clean access

Cisco un-Clean Access

The [CHPC][] installed a new network this past weekend as part of the [SANReN][] project. The new network consists of [Cisco][] equipment, including their [NAC][] (or "Clean Access") system. This requires all clients to authenticate before they are allowed access to the network, and can also enforce a configured security policy (such as requiring operating system updates and anti-virus).

The system works as follows. By default, the ports on the switch are in an "unauthenticated" [VLAN][]. When a client is connected, it is provided with an IP address (via [DHCP][]) in an "unauthenticated" subnet. The system then presents a captive portal which requires the user to authenticate with a username and password using their browser. If the authentication is successful, the port is moved to a different VLAN (depending on the user's access level), and the switch briefly disconnects the link which causes the client to negotiate a new IP address (in a different subnet).

Before the portal presents the login page it requires that a [Java applet][] be run on the client. The applet gathers various bits of information about the client (including the operating system) and submits this information to the portal. (I assume that the portal uses this information to determine what policies must be enforced. In our setup, Windows machines must have the Clean Access Client installed, while Linux and Mac OS X machines are simply allowed access.) The portal then presents the login page.

Being a geek, I wasn't very happy to go through this rigmarole everytime I connected to the network. (I also couldn't use my [normal browser][konq] since the applet didn't work in it.) So I set out to automate the process. Initially I tried to script everything (including the Java applet) but then I noticed that the output of the applet wasn't sent with the login form submission. The only other information the form contained was a session key and random string, both of which were present on the [HTML][] page which contained the applet. A manual test confirmed that the login page could be submitted successfully as long as the session key and random string were correct — the applet could be bypassed.

I quickly scripted the login process using a

[] script and [wget][]. I then installed it in <code>/etc/network/if-up.d</code> after adding some logic to only execute if the current IP address was on the unauthenticated network. The result is that I can plug in the cable, and my machine automatically authenticates to the system.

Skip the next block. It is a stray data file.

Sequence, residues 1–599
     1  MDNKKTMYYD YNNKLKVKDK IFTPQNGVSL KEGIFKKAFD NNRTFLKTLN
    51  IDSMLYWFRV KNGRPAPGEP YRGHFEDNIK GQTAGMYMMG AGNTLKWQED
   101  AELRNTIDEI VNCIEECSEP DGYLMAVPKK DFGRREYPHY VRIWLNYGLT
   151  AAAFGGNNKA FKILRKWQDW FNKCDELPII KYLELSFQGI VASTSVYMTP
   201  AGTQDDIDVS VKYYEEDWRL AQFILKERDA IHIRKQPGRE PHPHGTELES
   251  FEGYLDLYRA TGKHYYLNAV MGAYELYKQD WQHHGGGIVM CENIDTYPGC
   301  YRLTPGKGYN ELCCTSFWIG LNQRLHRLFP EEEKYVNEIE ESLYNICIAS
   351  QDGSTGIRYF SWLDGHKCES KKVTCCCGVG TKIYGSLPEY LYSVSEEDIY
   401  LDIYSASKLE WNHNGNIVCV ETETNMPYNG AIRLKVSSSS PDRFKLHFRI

While searching for information about the Clean Access system, I came across this [Slashdot article][] about a guy who was suspended from university for bypassing the Clean Access checks. I only realised last night that this is exactly what my script does![^1] I haven't tested it on Windows yet, but the only possible change I can think of is to change the [user agent][]. Seriously Cisco, the fact that I managed to bypass the applet simply by submitting the login form programmatically is ridiculous.
I have attached my script to this post. The way in which I have parsed the HTML page is rather ugly and likely to only work on this specific version of Clean Access. I plan to rewrite it in [Python][] sometime.
<strong>Update:</strong> I have rewritten the script in Python, which should be a bit more solid since it parses the HTML using a [DOM][]. The script requires [libxml2dom][] and [ipy][]. After configuring the parameters it can be dropped in <code>/etc/network/if-up.d</code>[^2] where it should run automatically.
[^1]: Note that it doesn't bypass the authentication: you still need a valid account in order to gain access.
[^2]: Make sure not to use a dot in the filename though.
<em>[CHPC]: Centre for High Performance Computing
</em>[SANReN]: South African National Research Network
<em>[NAC]: Network Admission Control
</em>[VLAN]: Virtual LAN
<em>[DHCP]: Dynamic Host Configuration Protocol
</em>[HTML]: HyperText Markup Language
*[DOM]: Document Object Model
[java applet]:
[Slashdot article]:
[user agent]:

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